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Where does the Missouri River begin?

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  • The 2,342-mile Missouri River flows through the United States from Three Forks, Montana, to Missouri.
  • The Missouri River runs through the states of Iowa, Kansas, Missouri, Nebraska, North and South Dakota, and the Canadian provinces of Alberta and Saskatchewan
  • The Missouri River meets the Mississippi River about 20 miles north of St. Louis, Missouri, where the two great rivers meet and flow through Arkansas, Tennessee, Mississippi, and Louisiana before emptying into the Gulf of Mexico.

Today we're going to learn about America's longest river – the Missouri River! Research shows that the Missouri River formed nearly 30 million years ago! However, its most recent course change occurred about 115,000 years ago. The flow of the Missouri River is controlled by the U.S. Army Corps of Engineers. The once free-flowing river was later dredged in its lower reaches. It is also held back by at least six dams in the northern region. So where exactly did this historic river begin? Let's find out!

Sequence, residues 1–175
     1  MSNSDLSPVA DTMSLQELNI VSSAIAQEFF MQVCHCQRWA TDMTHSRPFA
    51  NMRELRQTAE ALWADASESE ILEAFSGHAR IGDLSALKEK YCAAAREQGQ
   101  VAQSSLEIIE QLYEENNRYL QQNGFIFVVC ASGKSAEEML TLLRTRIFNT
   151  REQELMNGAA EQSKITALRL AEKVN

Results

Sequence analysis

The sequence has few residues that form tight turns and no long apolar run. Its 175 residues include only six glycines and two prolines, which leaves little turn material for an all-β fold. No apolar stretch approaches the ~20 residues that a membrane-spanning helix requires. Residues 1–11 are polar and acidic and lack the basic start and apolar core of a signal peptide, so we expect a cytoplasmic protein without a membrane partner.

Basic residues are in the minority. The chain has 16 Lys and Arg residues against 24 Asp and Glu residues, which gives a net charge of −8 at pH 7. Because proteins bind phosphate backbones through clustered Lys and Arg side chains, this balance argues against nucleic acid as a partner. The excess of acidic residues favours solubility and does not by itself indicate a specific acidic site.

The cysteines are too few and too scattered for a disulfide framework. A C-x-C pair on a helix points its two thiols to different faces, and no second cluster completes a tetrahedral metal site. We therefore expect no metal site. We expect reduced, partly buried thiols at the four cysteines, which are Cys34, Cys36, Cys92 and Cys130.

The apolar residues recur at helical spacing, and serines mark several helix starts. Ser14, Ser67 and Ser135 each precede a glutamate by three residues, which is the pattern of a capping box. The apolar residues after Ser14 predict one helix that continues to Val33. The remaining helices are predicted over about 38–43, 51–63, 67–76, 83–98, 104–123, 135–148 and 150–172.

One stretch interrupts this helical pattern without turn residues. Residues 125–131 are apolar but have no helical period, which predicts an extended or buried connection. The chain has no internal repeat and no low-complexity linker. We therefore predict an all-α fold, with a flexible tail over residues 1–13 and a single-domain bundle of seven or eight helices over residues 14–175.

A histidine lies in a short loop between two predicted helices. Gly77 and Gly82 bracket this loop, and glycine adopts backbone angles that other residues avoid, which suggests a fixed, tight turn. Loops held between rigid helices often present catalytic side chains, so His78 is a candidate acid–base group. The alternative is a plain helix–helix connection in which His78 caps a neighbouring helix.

Where exactly does the Missouri River begin?

where does the missouri river begin 1
The Missouri River originates in the Rocky Mountains.

©iStock.com/bobloblaw

The Missouri River rises from the Rocky Mountains in Three Forks, Montana. It flows 2,342 miles through the United States, stopping in Missouri. It drains 1/6 of the United States, flowing east and south. Covering approximately 500,000 square miles, this fascinating river runs through 10 US states and two Canadian provinces.

How deep is the Missouri River?

The average depth of the Missouri River is 10 to 20 feet.

©iStock.com/Matthew Howieson

The average depth of the Missouri River channel is about 10-20 feet , depending on the area. Some of its deeper parts are said to range from 120 to 150 feet. However, this river joins another river to form one of the largest flow systems in the world. It is said that the depth at this time can reach nearly 200 feet!

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Although the average depth of this body of water is not very deep, this is due to the abundance of sand and water-soaked gravel beneath the surface. Sandbars of varying heights, rocks, caves, and fast-moving currents make it unsafe to swim in the Missouri River. Even paddlers must exercise caution as the river's depth changes frequently.